Megan, 35

Megan, 35

Meet Megan…

“It’s ok to take life one day at a time. It’s ok to make mistakes. My mistakes and choices are what brought me to prison, but if it wasn’t for my mistakes, I wouldn’t be who I am today. Without my mistakes, I would not have a testimony.”

Megan, 35

Incarcerated: 7.5 

Housed: Anson Correctional Institution, Polkton, North Carolina

My entire life revolved around drugs and destructive relationships. It wasn’t long, I dropped out of high school and moved out of my parents’ house. I was 15 years old. All I wanted to do was find comfort, and I tried to find that in the wrong people and the wrong places. I never thought about what my life was going to be like 10 or 15 years down the road. My life consisted of using drugs or being around them. If people weren’t contributing to my drug use, they weren’t a factor in my life. I gave up on the true meaning of life. I gave up on my daughter and on myself. I pushed everyone away due to the pain I was holding onto. It was only causing me more damage than what I already had inside of me, including the ones around me. I’ve had my ups and downs these past 7.5 years, but I have never felt more free or more at peace in my entire life than I have these past few years. I only have God to thank for that. When you finally find yourself after feeling lost for so long, you start to see things much clearer. You no longer want to take life for granted, you see the bigger picture in life. It’s ok to take life one day at a time. It’s ok to make mistakes. My mistakes and choices are what brought me to prison, but if it wasn’t for my mistakes, I would not be who I am today. Without my mistakes, I would not have a testimony. My mistakes are what saved my life. I now know how to be a mother to my daughter. I’ve overcome my drug addiction, that was the biggest demon I ever had to fight, and I did it alone. I want to continue to be here for my daughter. I want to live! The first lesson in overcoming our pain is forgiving ourselves, and forgiving others. Without forgiveness, there is no moving forward. I want to make a difference, one day at a time. There is life after drugs. There is life after a life sentence. We can be set free inside these walls. What we achieve at our best moments doesn’t say much about who we are; it all boils down to what we become at our worst.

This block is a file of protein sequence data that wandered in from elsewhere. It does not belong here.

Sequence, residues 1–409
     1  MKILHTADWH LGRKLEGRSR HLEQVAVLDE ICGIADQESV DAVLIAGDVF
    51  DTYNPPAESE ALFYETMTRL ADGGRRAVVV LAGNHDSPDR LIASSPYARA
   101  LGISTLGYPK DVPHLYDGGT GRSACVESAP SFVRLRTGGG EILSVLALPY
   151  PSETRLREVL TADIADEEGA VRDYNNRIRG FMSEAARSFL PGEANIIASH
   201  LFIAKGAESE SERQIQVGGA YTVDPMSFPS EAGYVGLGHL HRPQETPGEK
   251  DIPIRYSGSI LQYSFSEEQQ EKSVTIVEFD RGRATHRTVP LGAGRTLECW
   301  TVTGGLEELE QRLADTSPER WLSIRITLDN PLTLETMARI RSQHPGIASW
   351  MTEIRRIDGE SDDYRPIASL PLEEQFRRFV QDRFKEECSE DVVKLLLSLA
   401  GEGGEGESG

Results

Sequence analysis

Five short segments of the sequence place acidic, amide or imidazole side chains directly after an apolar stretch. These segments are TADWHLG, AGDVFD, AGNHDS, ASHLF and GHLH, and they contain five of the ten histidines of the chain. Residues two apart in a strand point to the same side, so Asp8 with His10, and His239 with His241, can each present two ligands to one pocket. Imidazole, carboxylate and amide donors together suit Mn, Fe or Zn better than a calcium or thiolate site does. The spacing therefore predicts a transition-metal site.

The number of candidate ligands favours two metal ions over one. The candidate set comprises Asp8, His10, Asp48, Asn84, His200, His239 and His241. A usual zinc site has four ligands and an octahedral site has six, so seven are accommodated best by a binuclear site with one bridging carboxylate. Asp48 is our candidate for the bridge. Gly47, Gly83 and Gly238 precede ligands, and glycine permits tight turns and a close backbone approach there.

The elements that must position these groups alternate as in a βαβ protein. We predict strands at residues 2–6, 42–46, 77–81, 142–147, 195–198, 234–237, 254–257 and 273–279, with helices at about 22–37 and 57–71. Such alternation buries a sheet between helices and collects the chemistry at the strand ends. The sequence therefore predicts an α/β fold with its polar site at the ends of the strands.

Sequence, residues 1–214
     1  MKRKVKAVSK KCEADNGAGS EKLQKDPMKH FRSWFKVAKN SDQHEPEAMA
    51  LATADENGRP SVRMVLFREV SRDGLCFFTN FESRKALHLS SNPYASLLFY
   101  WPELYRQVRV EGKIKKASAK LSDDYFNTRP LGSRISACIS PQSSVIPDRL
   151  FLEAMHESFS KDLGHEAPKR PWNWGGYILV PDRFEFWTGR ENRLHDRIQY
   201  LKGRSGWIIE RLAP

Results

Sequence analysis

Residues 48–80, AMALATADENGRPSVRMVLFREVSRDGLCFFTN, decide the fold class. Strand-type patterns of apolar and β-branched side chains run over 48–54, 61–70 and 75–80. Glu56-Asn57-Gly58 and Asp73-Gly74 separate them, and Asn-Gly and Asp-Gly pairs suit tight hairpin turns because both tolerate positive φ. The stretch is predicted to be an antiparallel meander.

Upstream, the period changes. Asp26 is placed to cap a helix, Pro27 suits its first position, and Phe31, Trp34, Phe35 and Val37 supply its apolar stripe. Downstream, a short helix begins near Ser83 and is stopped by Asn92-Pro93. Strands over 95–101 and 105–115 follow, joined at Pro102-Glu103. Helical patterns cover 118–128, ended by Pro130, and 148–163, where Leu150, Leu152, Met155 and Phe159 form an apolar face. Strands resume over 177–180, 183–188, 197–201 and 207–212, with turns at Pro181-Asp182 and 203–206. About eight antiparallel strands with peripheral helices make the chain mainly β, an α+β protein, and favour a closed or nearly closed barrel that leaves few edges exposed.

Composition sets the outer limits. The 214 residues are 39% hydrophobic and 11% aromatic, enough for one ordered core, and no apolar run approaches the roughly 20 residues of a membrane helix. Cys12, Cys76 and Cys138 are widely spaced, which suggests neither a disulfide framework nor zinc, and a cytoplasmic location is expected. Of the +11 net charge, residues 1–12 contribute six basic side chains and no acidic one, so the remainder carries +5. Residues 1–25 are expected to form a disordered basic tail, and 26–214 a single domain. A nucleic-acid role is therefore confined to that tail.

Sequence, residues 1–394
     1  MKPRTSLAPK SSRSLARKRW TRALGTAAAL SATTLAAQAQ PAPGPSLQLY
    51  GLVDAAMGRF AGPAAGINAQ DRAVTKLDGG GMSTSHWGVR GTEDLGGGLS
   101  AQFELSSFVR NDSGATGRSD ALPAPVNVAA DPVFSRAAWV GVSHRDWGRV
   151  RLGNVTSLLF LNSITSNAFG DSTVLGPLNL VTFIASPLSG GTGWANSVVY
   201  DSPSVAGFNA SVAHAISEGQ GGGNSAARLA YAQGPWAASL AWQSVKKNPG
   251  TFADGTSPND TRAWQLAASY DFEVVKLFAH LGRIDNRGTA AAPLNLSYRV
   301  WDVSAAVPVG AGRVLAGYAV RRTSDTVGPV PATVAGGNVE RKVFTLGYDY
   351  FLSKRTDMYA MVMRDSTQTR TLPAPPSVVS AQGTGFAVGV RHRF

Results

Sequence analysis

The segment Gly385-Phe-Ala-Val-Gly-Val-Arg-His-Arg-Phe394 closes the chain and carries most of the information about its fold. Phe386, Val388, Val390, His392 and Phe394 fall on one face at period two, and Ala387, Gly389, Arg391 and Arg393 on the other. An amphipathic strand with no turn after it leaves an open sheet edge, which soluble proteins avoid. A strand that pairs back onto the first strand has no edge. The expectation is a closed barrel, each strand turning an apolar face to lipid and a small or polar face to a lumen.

Lyle, 45

Meet Lyle…

Within a few months the classes on death row were eliminated. The rehabilitative ideal was purged. Central Prison became an increasingly violent place.

Lyle, 45
Incarcerated: 26 years
Housed: Death Row Central Prison, North Carolina Department of Corrections, Buncombe

We received a new warden. His predecessor was supportive of programs and even allowed psychotherapeutic classes on death row. We had just finished our last performance of 12 Angry Men, not the sort of activity one expects a group of condemned prisoners to be engaged in, but North Carolina’s death row is a congregate confinement unit. We are not locked down in our cells, instead moving around the block much like general population prisoners. The new warden wanted none of it. Ordinarily, shaking hands with guards or prison officials is forbidden. It can mean solitary confinement for the prisoner and firing for staff. There are very few exceptions. There is also the taboo amongst prisoners that you don’t fraternize with staff. Our last warden who allowed programs on death row, who infused the prison with the rehabilitative ideal, was an exception. He shook everyone’s hand, looked them in the eye, and treated every person as an equal. A human. I walked over and stuck my hand out, the warden shook it, thanked me for participating in the play, and wished me luck on my appeals. Feeling the moment, I turned to his replacement with my hand out and said I hoped the classes were something he supported. He looked at my hand. Then at me. Then at the new unit manager, a guard who climbed the ranks to make management and who had said he wanted to see sentences carried out. “We’ll see about that,” said the new warden. And so we did.

Within a few months the classes on death row were eliminated. The rehabilitative ideal was purged. Central Prison became an increasingly violent place. We look back on that time when we had classes and performed in plays with a sense of nostalgia. For a while, at least one warden remembered we are human.

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